Dayton has been a hot tourney team of late. They’re 7–8 in their history, especially impressive considering this is only the second game they’ve ever been the seed favorite in. Dayton has won 5 games in the last two years with one of the game’s best young coaches Archie Miller. They disappointed down the stretch but were in the top 25 early this year and are a dangerous team.

This 10 seed is the worst ever for Syracuse. The Orange are just 2–3 as a 7+ seed all last century, so there’s not much to go from there. Coach Jim Boeheim is of course known for his stingy 2–3 defense. His teams are 27–13 in odd rounds with a full week to prepare and 18–10 with one day. The second set of opponents is always tougher, so those stats show that Boeheim may do worse against teams that have a week to prepare for the 2–3 zone.

And then there is Sparty. Michigan State is the safest best pick on your bracket, and the numbers simply don’t lie.

Izzo’s MSU is 46–17, a full 10 wins above expectation, including Final Four runs in ‘99, ‘00, ‘01, ‘05, ‘09, ‘10, and ‘15, three of those times as a 5+ seed. As a top two seed, Izzo’s teams are even better at 21–4 and they simply don’t get upset; the four losses have come against 1, 1, 2, and 4 seeds. A 21–4 record implies that a top two MSU team averages a Final Four berth.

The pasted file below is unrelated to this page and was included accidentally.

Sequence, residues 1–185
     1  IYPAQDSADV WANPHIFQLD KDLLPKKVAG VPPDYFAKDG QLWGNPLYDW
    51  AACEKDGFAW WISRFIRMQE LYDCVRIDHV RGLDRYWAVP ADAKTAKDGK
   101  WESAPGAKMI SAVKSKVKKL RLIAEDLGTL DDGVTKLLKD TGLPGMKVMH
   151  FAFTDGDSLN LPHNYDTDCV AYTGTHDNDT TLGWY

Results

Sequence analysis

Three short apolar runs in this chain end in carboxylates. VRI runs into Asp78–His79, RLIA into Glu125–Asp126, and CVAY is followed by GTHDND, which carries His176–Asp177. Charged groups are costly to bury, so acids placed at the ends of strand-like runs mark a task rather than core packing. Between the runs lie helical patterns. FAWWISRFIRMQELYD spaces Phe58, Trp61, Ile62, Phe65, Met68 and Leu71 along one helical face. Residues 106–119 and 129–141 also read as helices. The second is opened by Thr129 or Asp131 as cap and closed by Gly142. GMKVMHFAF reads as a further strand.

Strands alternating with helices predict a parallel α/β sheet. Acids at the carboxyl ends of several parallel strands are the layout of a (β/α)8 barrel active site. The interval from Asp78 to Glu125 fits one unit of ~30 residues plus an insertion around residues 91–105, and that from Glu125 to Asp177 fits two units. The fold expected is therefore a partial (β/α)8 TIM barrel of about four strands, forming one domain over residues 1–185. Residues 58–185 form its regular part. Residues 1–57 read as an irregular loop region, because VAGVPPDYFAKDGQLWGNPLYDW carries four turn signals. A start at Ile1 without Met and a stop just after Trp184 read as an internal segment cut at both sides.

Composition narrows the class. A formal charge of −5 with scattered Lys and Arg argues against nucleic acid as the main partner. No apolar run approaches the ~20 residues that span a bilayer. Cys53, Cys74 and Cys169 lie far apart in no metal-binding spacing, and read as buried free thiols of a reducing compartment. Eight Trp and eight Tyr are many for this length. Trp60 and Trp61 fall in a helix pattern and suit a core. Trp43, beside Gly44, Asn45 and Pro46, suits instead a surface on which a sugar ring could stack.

Izzo is 25–13 with a week to prepare- that’s pretty good- but he is an absurd 21–4 against coaches that have just a day to prep. And remember, those are tougher opponents in later rounds. So don’t pick against MSU in the first round, and don’t pick against them round 2 or 4. Are you really going with Utah or Gonzaga over them? This isn’t that hard.

Best coach. Best player. Put them in the Final Four. Just fill it in.

One note: Izzo is 0–1 against John Calipari and 0–3 against Roy Williams in the tourney, and those losses are by an average of 16 points. Perhaps in the Final Four is where you ought to pick against them?

This is an interesting region with a lot up in the air. Gonzaga is a great sleeper team, and Texas Tech could be too. Iowa State could be a nice Elite 8 pick if you like them. Virginia is a not a great team to put all your money on, and Michigan State is. Let’s put it this way- there’s no one in the Midwest you’d even consider taking against Michigan State in a best of three series. They could lose, but will they? Don’t be a hero. Be on the side of history.

If you like this article, please comment below or share it with your friends- either now or after you use it to beat them in your pool. Be sure to check out the companion pieces on the South, East, and West. Follow Brandon on Medium or @wheatonbrando for more sports, humor, pop culture, and life musings.